How English Exams are Like Pokemon Battles

December 4, 2010

I have an English exam next week. Normally, I’d be feeling the nerves creep in and encircle my right eye, but this time around I have a secret weapon. A way of looking at the writing of this exam as still important, yet perhaps a little more manageable.

You see, I’ve discovered that writing an English exam is just like facing the Pokemon League in Pokemon.

Pokemon helped formed the backbone of my childhood (and beyond- I’ll dig out my old games fairly regularly), so perhaps this isn’t terribly surprising. For those not as well-versed in the games, when you got  to the Pokemon League, you faced the game’s five best trainers in a row, with only your six Pokemon, whatever items you could cram in your bag, and no chance to heal in between.

English exams here tend to follow an essay format. You walk in and face a blue and white booklet, and a single sheet of paper placed face-down on the desk. On the other side of that paper are three or four questions. In response to one of them, you craft an essay on the spot, referring to the works studied. More detail and concrete answers (so no generalizations) means higher grades.

The similarities start right from the get-go. With the Pokemon League and with exams, you have an inkling of what you’ll be facing. You know the types a specific trainer uses, or you know the themes a professor’s been harping on. But you can’t know exactly what you’ll be up against until it’s upon you.

Which makes preparation difficult. In my analogy, your texts are your Pokemon team. Depending on the syllabus, you probably can’t talk about all of them; you have to study the ones that are the most versatile, express the predicted themes best, and that you’re most comfortable with. And, just like you look at a Cyndaquil and think, “Ok, I can use this against grass, ice, and bug types, but not water” so too you have to consider your worksSome lend themselves to particular themes more effectively than others.

So, you’ve made educated guesses about what lies ahead, determined how to meet those challenges, and assembled your team. Next up is cramming that backpack full of useful items, and your brain full of useful quotations. Quotations are gold in exams like this- again, you need to choose good ones. Similarly, I always purchase copious amounts of Hyper Potions and Full Heals before facing the League. In situations like this, you don’t want to be wasting your time with Berries… or with quotations that are chosen at random and don’t really relate to anything.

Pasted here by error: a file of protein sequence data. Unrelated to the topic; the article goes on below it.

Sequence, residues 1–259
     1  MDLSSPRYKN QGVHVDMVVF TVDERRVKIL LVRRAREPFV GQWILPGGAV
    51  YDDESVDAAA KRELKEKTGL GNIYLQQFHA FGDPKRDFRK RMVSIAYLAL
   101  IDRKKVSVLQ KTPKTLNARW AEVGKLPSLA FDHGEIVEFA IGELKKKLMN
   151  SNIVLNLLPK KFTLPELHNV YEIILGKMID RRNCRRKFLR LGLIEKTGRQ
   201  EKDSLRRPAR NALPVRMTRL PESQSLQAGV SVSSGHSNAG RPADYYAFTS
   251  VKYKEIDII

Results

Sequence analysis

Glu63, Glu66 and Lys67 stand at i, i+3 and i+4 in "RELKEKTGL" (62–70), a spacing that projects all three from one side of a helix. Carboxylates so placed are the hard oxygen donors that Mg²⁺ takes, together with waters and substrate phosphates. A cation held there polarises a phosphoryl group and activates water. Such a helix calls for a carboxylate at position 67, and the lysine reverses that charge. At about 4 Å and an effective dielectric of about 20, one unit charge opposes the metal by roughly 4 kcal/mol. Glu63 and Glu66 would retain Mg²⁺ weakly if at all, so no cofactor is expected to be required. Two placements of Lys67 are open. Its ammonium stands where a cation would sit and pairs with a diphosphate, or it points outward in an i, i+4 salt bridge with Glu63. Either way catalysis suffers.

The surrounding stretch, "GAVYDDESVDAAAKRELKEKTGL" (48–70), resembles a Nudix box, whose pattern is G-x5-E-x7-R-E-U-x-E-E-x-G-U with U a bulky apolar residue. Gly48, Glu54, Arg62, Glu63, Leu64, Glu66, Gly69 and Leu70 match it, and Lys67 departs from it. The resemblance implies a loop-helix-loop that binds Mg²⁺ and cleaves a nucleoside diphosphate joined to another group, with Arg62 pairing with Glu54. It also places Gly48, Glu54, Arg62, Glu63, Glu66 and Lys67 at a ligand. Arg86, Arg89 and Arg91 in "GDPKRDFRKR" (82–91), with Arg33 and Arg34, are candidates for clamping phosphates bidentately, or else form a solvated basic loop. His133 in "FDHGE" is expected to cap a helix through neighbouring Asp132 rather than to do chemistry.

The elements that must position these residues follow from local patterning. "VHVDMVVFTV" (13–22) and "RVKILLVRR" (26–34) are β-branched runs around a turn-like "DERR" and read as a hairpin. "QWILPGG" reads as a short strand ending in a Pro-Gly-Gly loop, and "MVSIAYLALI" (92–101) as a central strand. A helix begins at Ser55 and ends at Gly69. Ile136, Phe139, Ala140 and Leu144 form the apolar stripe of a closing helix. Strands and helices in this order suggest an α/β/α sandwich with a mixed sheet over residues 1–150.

Then the moment arrives. The battle music starts, the prof says, “Begin.” Your sweaty palms make it difficult to grip the pen or Gameboy, and you can already imagine how cramped your hands will be by the end.

That’s when relaxation is key. I scribble little outlines answering the essay and work from there. The topic of each body paragraph is a trainer I can dispatch with my well-trained Pokemon, adding in doses of quotations along the way. Unlike Pokemon, you won’t know how you’ve done until long after the fact, but you can guess. If you’ve answered the question, given specific examples, and not rambled too much, you’re probably ok.

So when you see students hard at work, hunched over their papers and writing feverishly… one of them may be singing the Pokemon theme in her head.




  1. LOL!!! Now I’m going to be doing that for my final essays this week! LOL!!! Great analogy!

  2. ehehehehe – that is an awesome analogy ^^ good luck with your battle/exam!

  3. Pokemon+IWI+Writing=awesome. You never cease to amaze me! Keep up the good work!

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